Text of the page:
Just Not Australian

I moved here from New Zealand five years ago, a country with its own Indigenous battles. My ancestors are from the United Kingdom and the Kingdoms of the Pacific Islands and although New Zealand will always be my heart, Australia is the place I now call home.

As I finish writing this review it is January 26th, commonly known amongst my peers and the First Nations people of Australia as Invasion or Survival Day. This day is fraught with intergenerational trauma and grief for Indigenous people whose histories have been ignored and erased. A few days ago the Australian Prime Minister, Scott Morrison, announced that there will be $6.7 million dollars going towards the construction of a replica of Captain Cook’s boat, which will then travel Australia over 14 months. My first thought when reading about this news was ‘who would this project actually be serving?’

Gordon Hookey, MURRILAND! #1 (detail), 2015–ongoing, oil on canvas, 2.1 x 10m. Photograph: Zan Wimberley. Courtesy the artist, Milani Gallery, Brisbane and Artspace, Sydney

This similar line of questioning is being explored in the group exhibition ‘Just Not Australian’ at Artspace, Sydney. A group of 19 Australian artists have been curated into a broad exploration of race, place, belonging and what it means to be ‘Australian’.

Entering the gallery I am greeted by a large Gordon Hookey (Waayani) painting titled
Murriland! #1 (2015-ongoing) along the back wall. It is an ongoing series, which tells the history of Queensland from pre-colonial to present day. The bright colouring of the painting at first seemed at odds to me with the history that was being depicted, but then darkness does come in all colours and so amongst that vibrancy and depth of colour there is sharpness, breath and danger.

In the next room, large lettering spells ‘exotic other’, a 2009 work by Tony Albert (Girramay, Yidinji and Kuku-Yalanji). The word ‘other’ is made from kitsch-wares with racist depictions of Aboriginal peoples that the artist has collected over many years. These objects have become commonplace in Australian culture, whether seen at your local op shop or on the bookshelf of your neighbour, without much thought to what they represent. The objects reinforce the continued ignorance of an Indigenous voice; they have been stripped of their authorship and instead are presented in crude caricatures, perpetuating stereotypes. Albert has reclaimed these objects and presents them to us, en masse, in order to place the accountability back on us. How can you continue to not listen when the violent history of Aboriginal Australia is deafening?

Tony Albert, exotic OTHER, 2009, installation view, Just Not Australian, Artspace, Sydney, 2019. Private collection, Sydney. Photograph: Zan Wimberley. Courtesy the artist and Artspace, Sydney

Flaming gallahs, a Southern Cross tattoo on a lifeguard’s chest and the colours green and gold are just some of the stereotypes used to denote Australia. Hoda Afshar critiques this cliché nationalistic idea of pride in her photographic series The In-Between Place (2011). One of the photographs title If you don’t love it, live it (2011) plays on the ‘love it or leave it’ adage that has become synonymous with Australian nationalism. With tongue in cheek, Afshar’s characters are sitting in a darkened car with balloons, flags and even have Australian flag tattoos on their cheeks. Dressed in traditional clothing, their expressions are blank, as if they are suspended in this moment. Caught between two worlds, they are trying to keep their traditions and culture from their homeland as well as attempting to make sense of who or what it is to be ‘Australian’.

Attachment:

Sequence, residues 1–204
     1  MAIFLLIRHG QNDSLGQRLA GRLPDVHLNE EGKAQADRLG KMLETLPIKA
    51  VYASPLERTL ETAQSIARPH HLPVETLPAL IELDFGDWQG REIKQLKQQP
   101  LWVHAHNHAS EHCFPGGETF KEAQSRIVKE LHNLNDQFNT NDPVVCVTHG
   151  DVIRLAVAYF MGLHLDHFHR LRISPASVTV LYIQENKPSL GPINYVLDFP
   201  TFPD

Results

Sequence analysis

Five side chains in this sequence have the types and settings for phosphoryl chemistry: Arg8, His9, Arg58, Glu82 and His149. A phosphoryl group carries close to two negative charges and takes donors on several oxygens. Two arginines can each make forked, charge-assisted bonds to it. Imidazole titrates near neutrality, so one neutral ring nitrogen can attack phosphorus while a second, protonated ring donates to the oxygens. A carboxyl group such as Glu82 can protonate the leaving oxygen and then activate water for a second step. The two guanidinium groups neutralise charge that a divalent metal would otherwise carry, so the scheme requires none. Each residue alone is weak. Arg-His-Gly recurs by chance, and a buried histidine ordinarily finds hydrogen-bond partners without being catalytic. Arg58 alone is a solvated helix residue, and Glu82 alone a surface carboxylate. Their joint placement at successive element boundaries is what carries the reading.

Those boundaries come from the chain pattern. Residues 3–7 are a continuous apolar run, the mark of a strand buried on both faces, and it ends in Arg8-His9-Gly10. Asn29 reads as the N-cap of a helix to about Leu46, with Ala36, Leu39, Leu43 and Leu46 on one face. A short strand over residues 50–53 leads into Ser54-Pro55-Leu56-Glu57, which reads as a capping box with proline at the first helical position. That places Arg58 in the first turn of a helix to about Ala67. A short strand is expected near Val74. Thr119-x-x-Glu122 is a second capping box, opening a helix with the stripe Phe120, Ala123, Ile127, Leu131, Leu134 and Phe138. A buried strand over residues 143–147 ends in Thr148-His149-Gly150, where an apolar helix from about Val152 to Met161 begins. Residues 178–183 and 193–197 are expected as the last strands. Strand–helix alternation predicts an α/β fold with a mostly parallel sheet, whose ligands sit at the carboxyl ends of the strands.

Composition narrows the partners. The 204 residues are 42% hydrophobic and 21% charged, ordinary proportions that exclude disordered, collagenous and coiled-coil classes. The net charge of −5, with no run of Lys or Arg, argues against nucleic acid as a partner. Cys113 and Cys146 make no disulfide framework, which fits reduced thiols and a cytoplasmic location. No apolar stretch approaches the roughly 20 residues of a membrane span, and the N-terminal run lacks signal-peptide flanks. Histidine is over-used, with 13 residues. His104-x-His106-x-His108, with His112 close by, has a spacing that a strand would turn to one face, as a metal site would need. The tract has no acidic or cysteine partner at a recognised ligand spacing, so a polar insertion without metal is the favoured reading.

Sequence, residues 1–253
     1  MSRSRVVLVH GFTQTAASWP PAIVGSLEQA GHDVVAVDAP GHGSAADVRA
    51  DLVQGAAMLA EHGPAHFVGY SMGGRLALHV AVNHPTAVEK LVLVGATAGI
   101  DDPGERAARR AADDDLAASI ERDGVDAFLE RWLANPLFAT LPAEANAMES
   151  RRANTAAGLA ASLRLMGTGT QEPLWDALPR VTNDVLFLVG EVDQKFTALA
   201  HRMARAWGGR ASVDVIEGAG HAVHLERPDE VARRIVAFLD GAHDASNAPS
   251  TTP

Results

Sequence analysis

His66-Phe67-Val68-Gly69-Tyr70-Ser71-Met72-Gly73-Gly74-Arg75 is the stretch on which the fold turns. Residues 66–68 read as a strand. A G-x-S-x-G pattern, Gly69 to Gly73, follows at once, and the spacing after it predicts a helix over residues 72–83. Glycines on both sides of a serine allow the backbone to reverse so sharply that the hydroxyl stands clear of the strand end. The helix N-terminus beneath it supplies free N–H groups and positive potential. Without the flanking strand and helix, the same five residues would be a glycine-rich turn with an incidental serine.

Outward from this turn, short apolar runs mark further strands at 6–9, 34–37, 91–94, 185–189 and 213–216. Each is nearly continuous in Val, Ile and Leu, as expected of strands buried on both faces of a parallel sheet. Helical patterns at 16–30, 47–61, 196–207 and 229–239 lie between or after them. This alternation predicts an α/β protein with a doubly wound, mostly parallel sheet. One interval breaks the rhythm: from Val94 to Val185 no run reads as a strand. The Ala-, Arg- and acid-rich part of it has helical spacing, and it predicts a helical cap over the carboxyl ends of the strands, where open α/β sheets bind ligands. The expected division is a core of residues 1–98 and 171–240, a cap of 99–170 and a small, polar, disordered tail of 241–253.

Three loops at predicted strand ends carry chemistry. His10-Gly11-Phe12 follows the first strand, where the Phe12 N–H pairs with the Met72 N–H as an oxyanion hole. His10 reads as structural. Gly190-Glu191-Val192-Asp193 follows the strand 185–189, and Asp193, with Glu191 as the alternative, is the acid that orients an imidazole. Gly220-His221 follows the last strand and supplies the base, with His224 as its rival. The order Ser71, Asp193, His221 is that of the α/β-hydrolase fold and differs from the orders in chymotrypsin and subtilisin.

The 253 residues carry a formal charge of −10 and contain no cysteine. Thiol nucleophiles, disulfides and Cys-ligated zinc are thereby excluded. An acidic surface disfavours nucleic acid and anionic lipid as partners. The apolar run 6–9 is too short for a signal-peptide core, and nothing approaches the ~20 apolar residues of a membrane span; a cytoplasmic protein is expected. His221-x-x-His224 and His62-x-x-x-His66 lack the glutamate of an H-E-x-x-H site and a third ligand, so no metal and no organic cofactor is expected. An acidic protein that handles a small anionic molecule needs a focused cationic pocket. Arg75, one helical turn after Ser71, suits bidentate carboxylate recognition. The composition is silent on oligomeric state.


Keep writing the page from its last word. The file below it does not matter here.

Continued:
Hoda Afshar, Dog’s Breakfast, 2011; If You Don’t Love it, Live it, 2011, installation view, Just Not Australian, Artspace, Sydney, 2019. Photoggraph: Zan Wimberley. Courtesy the artist

Vincent Namatjira (Western Arrernte people) and Ryan Presley (Marri Ngarr) both examine the predominantly western white gaze that has shaped Australian history. Namatjira’s series of ink portraits of prominent Australians range from Cathy Freeman to Julia Gillard and Eddie Mabo. Presley creates large-scale replicas of Australian banknotes but replaces the predominantly white figures with those from an Indigenous background such as Dundalli (c.1820-1855) who was an Aboriginal warrior and leader from the Dalla people in Queensland. By rightfully inserting Indigenous Australians into the timeline of history both artists cleverly dismantle the hierarchies of race and power and seek to change the dominant white narrative of history.

As I leave Artspace the wind has picked up but the air is still thick and humid. I am standing on Gadigal land, it is not my own, I was born to a different land, Aotearoa. Generations of Australians have stood in my place and many more will in the future. To stand here is to acknowledge this fact, to celebrate and embrace it. The artists in the group show Abdul Abdullah, Hoda Afshar, Tony Albert, Cigdem Aydemir, Liam Benson, Eric Bridgeman, Jon Campbell, Karla Dickens, Fiona Foley, Gordon Hookey, Richard Lewer, Archie Moore, Vincent Namatjira, Nell, Raquel Ormella, Ryan Presley, Joan Ross, Soda_Jerk and Tony Schwensen encourage us to look inwards, to question and critique our actions and the world we live in, to celebrate the differences within each of us and to have a hand in rewriting history.

Talia Smith is an artist, writer and curator originally from Auckland who is currently based in Sydney.

Until 28 April, 2019